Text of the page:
Does technology baffle anyone else besides me? I consider myself well-educated, with a bachelor’s degree in history and a masters in financial services. I successfully headed a local business for nearly 40 years and led several prominent civic and charitable organizations. I am well-traveled and fluent in German and Swedish. But I invariably struggle with things digital.
I just don’t get it: bits, bytes, the non-intuitive commands, etc. I have always been proud of my ability to detect business patterns and trends that eluded others and how I could explain, orally or in writing, difficult concepts. But technology has been different. Apparently I am just not “wired” correctly.
Humor has helped. I’ve enjoyed telling people that the serious money in my life would be made after I retired and offered myself to the computer industry as the ultimate idiot-proofing standard. “If Wheeler can do it, anybody can!” Based on folks’ responses, that would have been a wildly successful venture.
A recent cartoon grabbed my attention, of a man walking into a computer store, computer in hand, and asking for a tech expert. A clerk responds, “Come back after 3:30; that’s when his mother drops him off after school.”
I have self-diagnosed my technology deficit as LFT, or Low Frustration Tolerance. It seems to be hastening age-related dementia via an inability to cope with the pace of change.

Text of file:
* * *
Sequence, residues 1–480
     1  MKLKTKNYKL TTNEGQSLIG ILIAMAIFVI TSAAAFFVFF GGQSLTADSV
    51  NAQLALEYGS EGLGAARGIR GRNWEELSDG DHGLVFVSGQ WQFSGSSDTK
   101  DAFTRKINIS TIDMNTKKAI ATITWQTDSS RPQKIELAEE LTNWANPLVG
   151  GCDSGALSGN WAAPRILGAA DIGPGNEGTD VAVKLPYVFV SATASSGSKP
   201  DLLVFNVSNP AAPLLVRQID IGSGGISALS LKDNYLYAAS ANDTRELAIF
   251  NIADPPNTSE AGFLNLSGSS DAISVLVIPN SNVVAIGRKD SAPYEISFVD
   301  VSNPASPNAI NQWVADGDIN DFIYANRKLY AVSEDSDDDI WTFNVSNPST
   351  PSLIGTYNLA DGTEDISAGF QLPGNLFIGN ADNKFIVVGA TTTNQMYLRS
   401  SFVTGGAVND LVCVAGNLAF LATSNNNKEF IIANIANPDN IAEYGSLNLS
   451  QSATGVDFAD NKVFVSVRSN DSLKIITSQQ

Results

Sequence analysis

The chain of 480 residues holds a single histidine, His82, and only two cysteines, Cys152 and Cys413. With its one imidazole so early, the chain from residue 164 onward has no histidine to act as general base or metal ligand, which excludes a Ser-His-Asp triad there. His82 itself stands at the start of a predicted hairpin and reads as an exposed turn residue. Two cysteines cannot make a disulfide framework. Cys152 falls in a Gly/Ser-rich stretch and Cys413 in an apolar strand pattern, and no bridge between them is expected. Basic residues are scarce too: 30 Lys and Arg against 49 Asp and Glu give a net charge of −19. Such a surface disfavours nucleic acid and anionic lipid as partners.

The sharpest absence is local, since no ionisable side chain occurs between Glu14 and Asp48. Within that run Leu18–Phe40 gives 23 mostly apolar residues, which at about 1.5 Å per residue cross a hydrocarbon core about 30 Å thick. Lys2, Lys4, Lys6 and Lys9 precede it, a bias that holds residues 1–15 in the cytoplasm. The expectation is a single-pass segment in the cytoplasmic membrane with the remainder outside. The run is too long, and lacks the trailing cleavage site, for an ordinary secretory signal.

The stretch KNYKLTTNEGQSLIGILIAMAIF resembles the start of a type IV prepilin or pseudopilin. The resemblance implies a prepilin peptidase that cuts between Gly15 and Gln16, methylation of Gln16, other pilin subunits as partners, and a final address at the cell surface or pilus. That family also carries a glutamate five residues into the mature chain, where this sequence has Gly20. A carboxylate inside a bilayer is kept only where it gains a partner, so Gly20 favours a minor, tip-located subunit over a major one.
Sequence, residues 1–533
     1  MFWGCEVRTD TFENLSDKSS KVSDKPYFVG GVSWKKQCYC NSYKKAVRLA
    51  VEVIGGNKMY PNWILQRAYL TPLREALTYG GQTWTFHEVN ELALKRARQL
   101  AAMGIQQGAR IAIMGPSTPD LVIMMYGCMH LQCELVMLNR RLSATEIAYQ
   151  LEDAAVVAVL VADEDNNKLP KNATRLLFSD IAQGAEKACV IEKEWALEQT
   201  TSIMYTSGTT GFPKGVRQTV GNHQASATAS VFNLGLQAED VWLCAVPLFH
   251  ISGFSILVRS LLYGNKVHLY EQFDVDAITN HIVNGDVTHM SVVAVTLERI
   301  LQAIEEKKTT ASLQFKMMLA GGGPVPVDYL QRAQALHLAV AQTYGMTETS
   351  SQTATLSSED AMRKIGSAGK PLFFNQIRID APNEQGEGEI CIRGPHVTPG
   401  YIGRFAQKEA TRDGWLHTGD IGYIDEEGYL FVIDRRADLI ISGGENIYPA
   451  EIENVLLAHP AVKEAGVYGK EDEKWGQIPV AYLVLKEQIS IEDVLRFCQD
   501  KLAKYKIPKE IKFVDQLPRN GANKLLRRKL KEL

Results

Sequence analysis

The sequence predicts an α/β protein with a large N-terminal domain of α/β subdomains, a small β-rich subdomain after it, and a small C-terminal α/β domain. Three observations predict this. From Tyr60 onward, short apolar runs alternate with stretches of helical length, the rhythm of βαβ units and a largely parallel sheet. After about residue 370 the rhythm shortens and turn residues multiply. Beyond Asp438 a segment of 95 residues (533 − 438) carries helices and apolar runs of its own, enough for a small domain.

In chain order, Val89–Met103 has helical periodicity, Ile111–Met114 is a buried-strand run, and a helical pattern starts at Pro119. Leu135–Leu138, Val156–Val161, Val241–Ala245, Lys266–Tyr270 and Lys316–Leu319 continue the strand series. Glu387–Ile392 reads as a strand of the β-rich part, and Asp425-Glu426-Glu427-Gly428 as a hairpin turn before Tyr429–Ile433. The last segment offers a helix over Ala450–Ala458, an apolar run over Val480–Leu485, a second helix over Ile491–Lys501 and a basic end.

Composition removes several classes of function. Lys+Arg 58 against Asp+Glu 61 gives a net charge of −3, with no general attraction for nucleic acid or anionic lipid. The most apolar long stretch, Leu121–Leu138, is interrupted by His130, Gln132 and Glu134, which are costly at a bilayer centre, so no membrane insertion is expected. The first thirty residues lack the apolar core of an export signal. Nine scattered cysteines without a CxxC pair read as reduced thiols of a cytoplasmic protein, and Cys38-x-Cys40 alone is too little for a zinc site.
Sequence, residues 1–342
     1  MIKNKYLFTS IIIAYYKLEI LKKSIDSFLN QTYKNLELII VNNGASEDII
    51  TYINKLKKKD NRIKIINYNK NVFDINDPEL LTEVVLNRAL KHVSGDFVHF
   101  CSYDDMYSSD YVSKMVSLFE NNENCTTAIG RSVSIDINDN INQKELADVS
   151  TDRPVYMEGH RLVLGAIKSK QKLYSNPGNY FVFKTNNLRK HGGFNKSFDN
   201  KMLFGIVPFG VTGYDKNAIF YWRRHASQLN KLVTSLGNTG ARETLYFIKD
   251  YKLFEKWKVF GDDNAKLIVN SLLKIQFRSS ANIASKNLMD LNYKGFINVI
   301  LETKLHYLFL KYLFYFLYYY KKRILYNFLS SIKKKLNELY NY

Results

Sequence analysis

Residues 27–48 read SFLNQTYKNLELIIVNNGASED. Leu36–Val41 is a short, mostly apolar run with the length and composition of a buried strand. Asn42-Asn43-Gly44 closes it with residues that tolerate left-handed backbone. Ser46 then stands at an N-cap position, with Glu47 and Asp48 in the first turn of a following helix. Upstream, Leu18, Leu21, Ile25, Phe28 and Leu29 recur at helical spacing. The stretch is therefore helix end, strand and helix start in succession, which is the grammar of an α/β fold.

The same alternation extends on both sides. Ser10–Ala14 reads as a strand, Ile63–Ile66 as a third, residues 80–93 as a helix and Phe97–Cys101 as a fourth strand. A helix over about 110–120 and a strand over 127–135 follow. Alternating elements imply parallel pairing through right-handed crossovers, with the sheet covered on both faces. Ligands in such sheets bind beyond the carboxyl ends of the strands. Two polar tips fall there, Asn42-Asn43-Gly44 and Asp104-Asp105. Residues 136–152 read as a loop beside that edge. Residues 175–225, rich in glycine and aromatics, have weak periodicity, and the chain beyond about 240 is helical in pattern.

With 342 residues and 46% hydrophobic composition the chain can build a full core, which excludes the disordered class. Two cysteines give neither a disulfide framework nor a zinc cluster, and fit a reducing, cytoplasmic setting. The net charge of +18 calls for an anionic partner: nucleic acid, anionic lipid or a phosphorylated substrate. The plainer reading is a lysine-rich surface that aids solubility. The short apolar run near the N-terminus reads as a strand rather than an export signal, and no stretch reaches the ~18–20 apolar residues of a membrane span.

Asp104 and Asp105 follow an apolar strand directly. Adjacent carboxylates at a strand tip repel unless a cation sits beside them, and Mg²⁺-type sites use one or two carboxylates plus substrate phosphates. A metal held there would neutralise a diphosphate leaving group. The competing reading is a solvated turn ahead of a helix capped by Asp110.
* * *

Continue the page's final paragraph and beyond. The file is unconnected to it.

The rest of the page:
Those “non-intuitive commands” I mentioned, that are required to move forward with a device like a laptop, iPad or iPhone: invariably, I spend more time trying to remember and/or figure out the command, totally distracting me from resolving the original problem. More frustration!
Then there are passwords. Endless, countless passwords, which periodically need to be changed, replete with security questions, effectively barring me from my own information. Is there such a thing as “self-identity theft”?
And then there are robocalls, hackers, and others clearly smarter than us purveyors of information access. Apparently I’m only safe from myself.
Various life challenges have allowed me to develop a certain resilience: widowed at age 37 with children 10, 7, and 4; a subsequent divorce; an estrangement; accidents; illnesses; autism spectrum disorder; and now aging. All to no avail with respect to technology, which simply continues to elude me.
I am competitive, a former professional athlete. But I must concede defeat to technology and its methodology. Does anyone else feel similarly vanquished by this contemporary phenomenon?
Tom Wheeler was a longtime Duluth-area businessman, civic leader, and philanthropist. Retired, he splits his time between Duluth and Tucson, Ariz., and is a regular contributor to the News Tribune Opinion page.